Wednesday, 25th May 2022
Breaking News:

Mambilla tea factory, a pivot of rural development

By Charles Akpeji
03 April 2016   |   3:18 am
The Mambilla Plateau tea factory, located in Kakara village of Sardauna Local Government Council of Taraba state, which had been abandoned in the past 20 years...
Tea plantation

Tea plantation

The Mambilla Plateau tea factory, located in Kakara village of Sardauna Local Government Council of Taraba state, which had been abandoned in the past 20 years, has resumed production. It is now generating revenue for the state and reducing youth unemployment.

Governor Darius Dickson Ishaku, who is determined to bring changes that positively impact citizens of the State, revived the moribund industry.
The Guardian found out that apart from completing the abandoned 400-kilowatt hydro power dam, which now made power available to operate effectively, plans had been concluded by the state government to construct an additional 330 Kilowatt hydro power dam in the same vicinity.
The presence of stable power in the area, has not only injected life into the tea factory, which is popularly known as Highland tea, but had as well led to explosion of business activities in the community. Most of the youths, who have, in the past, been jobless and indulging in various vices have now engaged themselves in various trades, which include charging of handset batteries, hair barbing and dressing among others.
Admitting that the company had, in the past 20 years, been dead, but has now began to generate funds for the state, the governor said the existence of peace in the area made it possible to take development to the area.
Rural communities, who wants to attract the state government attention and presence, according to Ishaku “ must first of all, give me peace, and I would in turn reciprocate by giving them development,” stating that “ because I will not invest in any part of the state, where peace is lacking.”
Collaborating the governor, the speaker of the State House of Assembly, Abel Peter Diah, who hails from that council, told The Guardian, “it is impossible for any investor to throw his or her money in crisis area,” hence the need for the people of the state irrespective of religion, ethnic and political party affiliations “ to give helping hands to our governor, so that all the developments that had eluded us in the past can be made.”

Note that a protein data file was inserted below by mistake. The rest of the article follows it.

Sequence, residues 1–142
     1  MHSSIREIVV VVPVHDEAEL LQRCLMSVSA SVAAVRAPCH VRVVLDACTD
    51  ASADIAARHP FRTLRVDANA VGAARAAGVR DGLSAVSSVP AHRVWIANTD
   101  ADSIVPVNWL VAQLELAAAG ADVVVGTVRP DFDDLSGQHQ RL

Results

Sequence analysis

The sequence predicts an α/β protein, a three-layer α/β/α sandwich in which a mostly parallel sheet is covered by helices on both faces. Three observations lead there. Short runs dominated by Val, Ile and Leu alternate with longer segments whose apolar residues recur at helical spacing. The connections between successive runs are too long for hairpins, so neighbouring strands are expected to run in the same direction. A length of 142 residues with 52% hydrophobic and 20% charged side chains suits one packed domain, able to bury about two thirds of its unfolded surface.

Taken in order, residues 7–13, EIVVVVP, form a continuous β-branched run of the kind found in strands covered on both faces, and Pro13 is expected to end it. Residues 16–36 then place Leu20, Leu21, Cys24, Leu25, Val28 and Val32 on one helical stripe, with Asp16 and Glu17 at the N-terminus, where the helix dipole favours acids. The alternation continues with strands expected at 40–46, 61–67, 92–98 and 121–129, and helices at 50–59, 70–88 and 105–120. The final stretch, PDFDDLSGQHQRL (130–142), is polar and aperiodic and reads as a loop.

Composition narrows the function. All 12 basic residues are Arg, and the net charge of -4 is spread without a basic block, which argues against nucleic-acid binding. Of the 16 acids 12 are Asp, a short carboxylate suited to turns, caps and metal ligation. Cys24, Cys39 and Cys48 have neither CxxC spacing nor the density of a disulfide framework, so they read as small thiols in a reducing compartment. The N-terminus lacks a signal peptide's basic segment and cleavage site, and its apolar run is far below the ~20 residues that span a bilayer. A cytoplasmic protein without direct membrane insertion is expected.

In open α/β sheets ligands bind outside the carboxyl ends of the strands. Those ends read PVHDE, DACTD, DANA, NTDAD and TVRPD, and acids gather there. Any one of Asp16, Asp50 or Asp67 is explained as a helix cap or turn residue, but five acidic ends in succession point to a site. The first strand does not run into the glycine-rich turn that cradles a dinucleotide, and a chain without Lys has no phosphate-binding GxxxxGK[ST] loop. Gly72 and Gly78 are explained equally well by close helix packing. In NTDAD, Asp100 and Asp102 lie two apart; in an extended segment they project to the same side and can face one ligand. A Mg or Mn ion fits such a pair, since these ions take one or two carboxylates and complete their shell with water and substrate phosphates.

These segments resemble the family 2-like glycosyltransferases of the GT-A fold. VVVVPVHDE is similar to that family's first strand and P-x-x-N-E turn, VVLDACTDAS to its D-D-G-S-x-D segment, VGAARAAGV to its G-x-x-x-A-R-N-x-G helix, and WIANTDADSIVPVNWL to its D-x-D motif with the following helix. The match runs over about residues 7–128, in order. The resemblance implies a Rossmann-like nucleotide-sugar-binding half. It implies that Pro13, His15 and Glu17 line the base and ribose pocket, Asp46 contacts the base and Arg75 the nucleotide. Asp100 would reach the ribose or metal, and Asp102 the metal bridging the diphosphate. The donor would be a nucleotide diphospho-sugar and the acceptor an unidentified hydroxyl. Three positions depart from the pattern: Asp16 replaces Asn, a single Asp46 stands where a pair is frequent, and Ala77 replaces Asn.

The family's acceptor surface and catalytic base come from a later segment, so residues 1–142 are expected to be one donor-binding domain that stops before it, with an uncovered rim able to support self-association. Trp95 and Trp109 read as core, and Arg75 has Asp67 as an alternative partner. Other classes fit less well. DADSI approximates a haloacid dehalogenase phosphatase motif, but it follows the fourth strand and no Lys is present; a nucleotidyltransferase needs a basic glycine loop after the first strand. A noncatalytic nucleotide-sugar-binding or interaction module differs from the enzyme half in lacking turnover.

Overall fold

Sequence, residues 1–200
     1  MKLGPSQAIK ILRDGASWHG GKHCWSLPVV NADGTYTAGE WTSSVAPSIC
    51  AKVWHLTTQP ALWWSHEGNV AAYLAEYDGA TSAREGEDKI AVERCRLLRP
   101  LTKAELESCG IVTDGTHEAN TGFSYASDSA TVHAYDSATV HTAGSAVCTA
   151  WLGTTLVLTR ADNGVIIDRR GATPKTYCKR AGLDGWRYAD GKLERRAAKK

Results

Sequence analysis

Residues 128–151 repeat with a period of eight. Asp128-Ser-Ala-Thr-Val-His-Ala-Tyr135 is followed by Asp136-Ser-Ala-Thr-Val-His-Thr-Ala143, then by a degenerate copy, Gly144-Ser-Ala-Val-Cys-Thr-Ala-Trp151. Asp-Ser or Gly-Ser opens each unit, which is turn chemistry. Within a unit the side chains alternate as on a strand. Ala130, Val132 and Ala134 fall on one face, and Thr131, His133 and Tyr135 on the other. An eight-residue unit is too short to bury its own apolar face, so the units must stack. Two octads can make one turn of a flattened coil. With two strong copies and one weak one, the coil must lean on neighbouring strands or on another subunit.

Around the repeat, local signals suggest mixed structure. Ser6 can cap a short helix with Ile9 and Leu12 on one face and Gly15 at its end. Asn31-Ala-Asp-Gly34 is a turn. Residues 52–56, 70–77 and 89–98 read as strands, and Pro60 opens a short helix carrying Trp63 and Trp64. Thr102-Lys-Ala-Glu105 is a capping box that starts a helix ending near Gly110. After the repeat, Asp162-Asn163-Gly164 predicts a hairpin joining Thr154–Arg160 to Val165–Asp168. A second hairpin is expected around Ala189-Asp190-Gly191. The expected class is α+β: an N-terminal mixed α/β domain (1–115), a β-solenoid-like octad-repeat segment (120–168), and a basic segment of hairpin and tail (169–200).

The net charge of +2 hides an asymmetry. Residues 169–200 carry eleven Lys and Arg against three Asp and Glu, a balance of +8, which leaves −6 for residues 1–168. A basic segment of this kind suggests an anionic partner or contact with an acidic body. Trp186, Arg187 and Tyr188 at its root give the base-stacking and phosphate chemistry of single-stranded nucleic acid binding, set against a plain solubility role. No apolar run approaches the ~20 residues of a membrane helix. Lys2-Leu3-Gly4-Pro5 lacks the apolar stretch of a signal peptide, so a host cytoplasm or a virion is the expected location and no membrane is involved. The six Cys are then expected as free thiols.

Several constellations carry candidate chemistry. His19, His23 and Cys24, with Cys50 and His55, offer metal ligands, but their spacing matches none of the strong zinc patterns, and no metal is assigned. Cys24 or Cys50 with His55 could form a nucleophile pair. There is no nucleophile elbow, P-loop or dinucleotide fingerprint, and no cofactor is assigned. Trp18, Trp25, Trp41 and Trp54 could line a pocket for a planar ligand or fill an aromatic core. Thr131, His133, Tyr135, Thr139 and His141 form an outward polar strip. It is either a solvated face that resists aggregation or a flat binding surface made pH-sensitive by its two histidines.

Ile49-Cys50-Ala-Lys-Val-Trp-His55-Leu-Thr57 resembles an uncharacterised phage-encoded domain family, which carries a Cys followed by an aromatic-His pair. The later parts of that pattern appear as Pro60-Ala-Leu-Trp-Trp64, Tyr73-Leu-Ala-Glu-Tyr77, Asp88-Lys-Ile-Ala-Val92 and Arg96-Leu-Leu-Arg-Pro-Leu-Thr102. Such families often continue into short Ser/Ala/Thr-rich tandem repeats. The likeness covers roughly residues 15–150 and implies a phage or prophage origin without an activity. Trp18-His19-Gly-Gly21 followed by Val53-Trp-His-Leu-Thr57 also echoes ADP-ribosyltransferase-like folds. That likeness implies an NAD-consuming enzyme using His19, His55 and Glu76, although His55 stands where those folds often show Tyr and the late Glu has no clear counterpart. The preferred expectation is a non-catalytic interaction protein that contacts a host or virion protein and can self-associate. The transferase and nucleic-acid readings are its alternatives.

The Guardian observed that the presence of the tea factory and electric power is already reducing the drift of young people to the urban areas, and attracting people, even from far.
A youth leader, Ndoti Gabriel said, “ As far as we are now concerned, the idea of leaving this place to Jalingo city or any other city in search of job, is now a thing of the past because what we are looking for in Sokoto had been made available to us here in our community.”
One of the village heads of the council, Jauro Usmane, was of the view that the “ kind of development that embrace peaceful societies can never be compared to the level of destructions that crisis often brings.”
Stressing their readiness to jealously protect the tea factory and its newly installed machines, including the dam, the community desires peaceful co-existence for good things to flow into the community.
Senior Special Adviser to the governor on Media Matters, Sylvanus Giwa said that other plans are soon to be rolled out so that there would be all-round development provided there is peace.